Fedora and the repository politics (and exploding inkscape)
by Uche Ogbuji
Related link: http://copia.ogbuji.net/blog/2005-06-21/Fedora_and
This is a repost of an entry from Copia. I've been meaning to do this sort of thing, but it's taken some time for me to wrap my head around the entire world of personal Weblogging.
My Fedora Core 4 upgrade has been remarkably smooth so
far. Here are the first two complaints
about Fedora Core 4. One big one and one little one.
The little one is that inkscape is useless in FC4, it seems. Segfaults
when you blink at it. So just use apt or yum to update, eh? Well, then
there is the big problem.
Fedora needs to fix its repository politics. All the following is my
perspective as a user, not as a packaging expert. Just anticipating the
nitpickers, let me say that I might be wrong on the factual background
of of some things I get from my impressions, but I know for sure what I
go through as a user. Third party apt and yum repositories for Fedora
Core comes in two divided worlds. On one hand there is Fedora
extras, considered the official
repository, with FreshRPMs and
Livna loosely certified as compatible. On the
other hand there is the group of repositories coming under the banner of
RPMForge (Web site still under construction),
led by Dag and including others
such as ATRPMS and
Dries. You usually cannot mix
these two worlds without screwing up your system.
This is the sort of thing that makes Debian folks laugh their heads off,
and they're right to do so. (Of course my experience with Debian was so
miserable that I'm not in the least tempted to give it another try).
Worse than the lack of repository integration is the fact that the
various parties have spent energy flinging mud at each other that might
have been better spent in integration.
Most of the time, this doesn't matter to me. I choose one side of the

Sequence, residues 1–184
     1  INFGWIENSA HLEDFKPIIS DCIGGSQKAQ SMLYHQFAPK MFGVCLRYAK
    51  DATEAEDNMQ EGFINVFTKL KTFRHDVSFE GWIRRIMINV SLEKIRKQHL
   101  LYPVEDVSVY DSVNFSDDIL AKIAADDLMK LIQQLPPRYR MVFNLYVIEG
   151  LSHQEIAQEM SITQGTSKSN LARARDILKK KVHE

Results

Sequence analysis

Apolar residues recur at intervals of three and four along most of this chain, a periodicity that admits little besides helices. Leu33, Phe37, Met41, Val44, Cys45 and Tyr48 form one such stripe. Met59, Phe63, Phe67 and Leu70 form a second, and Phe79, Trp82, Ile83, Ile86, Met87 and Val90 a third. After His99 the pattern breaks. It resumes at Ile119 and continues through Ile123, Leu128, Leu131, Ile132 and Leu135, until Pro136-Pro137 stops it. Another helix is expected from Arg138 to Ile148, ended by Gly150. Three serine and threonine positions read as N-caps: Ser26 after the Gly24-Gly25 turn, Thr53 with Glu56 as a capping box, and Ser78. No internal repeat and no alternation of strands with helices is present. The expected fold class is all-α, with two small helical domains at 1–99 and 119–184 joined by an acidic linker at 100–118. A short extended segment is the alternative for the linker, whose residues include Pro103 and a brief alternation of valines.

fence and chug along. Every Fedora Core release I give yum and the
Fedora extras world a try for a couple of weeks. I can never stand it
longer than that. Yum is terribly slow. Fedora Extras and friends are
terribly slow to incorporate new software. As an example, when I run a
script to count the number of RPMs I've for from Dag, AT or Dries
because I can't get reasonable fresh versions from Fedora extras and
friends, I come up with 89. This is a sure sign that Fedora extras
needs to work better with RPMForge. If I were happy with being six
months behind the software curve, I would have had one less problem with
Debian (I could have stuck with "stable").
So I go on to Dag and friends, and actually, I'm fine from then. Those
guys do an amazing job of keeping up on new and updated software without
constantly breaking my system (the constant breakage was my other
problem with Debian when I went with "testing"). This big repository
split only really smacks me in the face on one occasion: at the point
after upgrading Fedora when I've been trying yum and Fedora extras for a
couple of weeks and realize it's time to jump to apt and RPMForge. At
that point I have to do all the apt set-up for the right repositories
and co., and deal with the initial wave of conflicts. I'm about at that
point now, and hence this rant.
How does this schism serve anything except ego? Fedora extras and co
say the other side is uncooperative and will not submit to their
hard-core QA. Dag and co say say the other side is uncooperative and
insist on stomping on his repository all the time. Couldn't something
be worked out so that in effect Fedora Extras is the equivalent of
Debian stable and RPMForge the equivalent of Debian testing? I don't
know if that makes sense, but surely some form of compromise is
possible. The message boards are full of confused users and something
really must change.
I had a very similar problem...
I posted a weblog entry here on O'Reilly Net that details a related set of problems I had upgrading from Fedora Core 2 to Fedora Core 3.
FreshRPMS is part of RPMforge
On one hand there is Fedora extras, considered the official repository, with FreshRPMs and Livna loosely certified as compatible. On the other hand there is the group of repositories coming under the banner of RPMForge (Web site still under construction), led by Dag and including others such as ATRPMS and Dries. You usually cannot mix these two worlds without screwing up your system.